When we encounter "backstory" in narratives, it is almost always in the form of a narration delivered by a character during the actual story. It's backstory because it's a supplement to the narrative that precedes it and clarifies it, but the events of it are already completed. Authors have all sorts of clever tricks for introducing this material - characters in ancient epics brag about their past deeds as a prelude to boasting about their future accomplishments, while intellectuals in experimental novels cite one another's fake books, and detectives in noir novels muse about their past cases. In fact, the most derided way of presenting this material is probably the form most backstories actually take - supplementary, secondary documents that don't take into account the main narrative they're meant to be supplements for.

So getting away from that, I'm interested in a backstory system for use in my games that does a couple of things. I want backstories that are presented diegetically in the game, that are optional but that do reward players who come up with them, and that have different levels of player agency involved in generating them.

In Into the Depths, almost everything one can do is represented by a piece of gear, so here's some gear that ties into generating backstories.

Diary / Journal - Once per expedition you go on with a journal, you can choose to be Good At something. You must tell everyone an anecdote from your journal about why you're Good At this thing. This lasts for the rest of the expedition. If you lose your diary, leave it behind in town while you go on an expedition, etc. then an embarrassing anecdote gets out as someone takes the opportunity to peek inside. You lose your Good At and gain a permanent Bad At. If you make up the embarrassing anecdote, you get to pick the Bad At, if the referee has to, they get to pick what you're Bad At.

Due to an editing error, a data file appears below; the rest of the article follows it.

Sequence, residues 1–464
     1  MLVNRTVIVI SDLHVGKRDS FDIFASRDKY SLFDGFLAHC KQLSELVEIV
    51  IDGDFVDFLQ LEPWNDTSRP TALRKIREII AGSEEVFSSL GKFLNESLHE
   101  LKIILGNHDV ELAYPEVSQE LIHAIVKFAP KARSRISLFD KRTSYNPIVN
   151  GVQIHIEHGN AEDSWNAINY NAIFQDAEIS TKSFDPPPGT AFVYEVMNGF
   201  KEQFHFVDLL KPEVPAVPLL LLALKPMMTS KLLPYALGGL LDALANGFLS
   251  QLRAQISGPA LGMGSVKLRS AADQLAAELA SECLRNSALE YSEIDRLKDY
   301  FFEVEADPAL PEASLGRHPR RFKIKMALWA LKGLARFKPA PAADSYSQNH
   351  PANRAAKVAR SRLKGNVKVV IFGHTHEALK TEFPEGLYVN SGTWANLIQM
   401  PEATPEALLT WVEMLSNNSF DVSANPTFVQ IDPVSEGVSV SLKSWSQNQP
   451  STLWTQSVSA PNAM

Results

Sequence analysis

S'mores - When you camp with a fire and someone has s'mores in their gear, each PC who wishes may tell one anecdote about their character's life prior to play, and in exchange, they become Good At one thing related to the anecdote. Anecdotes need not be true. This effect lasts until they use the Good At once, at which time it fades. One can only receive a benefit from one s'mores at a time.

Self-Published Memoir - Cost to have it printed is calculated based on its actual title, which must include at least one colon and two adjectives. Carrying a copy of your self-published memoir allows you reroll a save whenever you can relate an anecdote about your past that explains your resilience. "Inspiring" anecdotes grant an additional +1 on the reroll.

Lucky Charm - You can only have one lucky charm active at a time. You must explain why it is lucky for your character. It grants a +1 to one kind of roll (same scope as Good Ats). If you ever lose it, you have -1 to that kind of roll until you recover or replace it.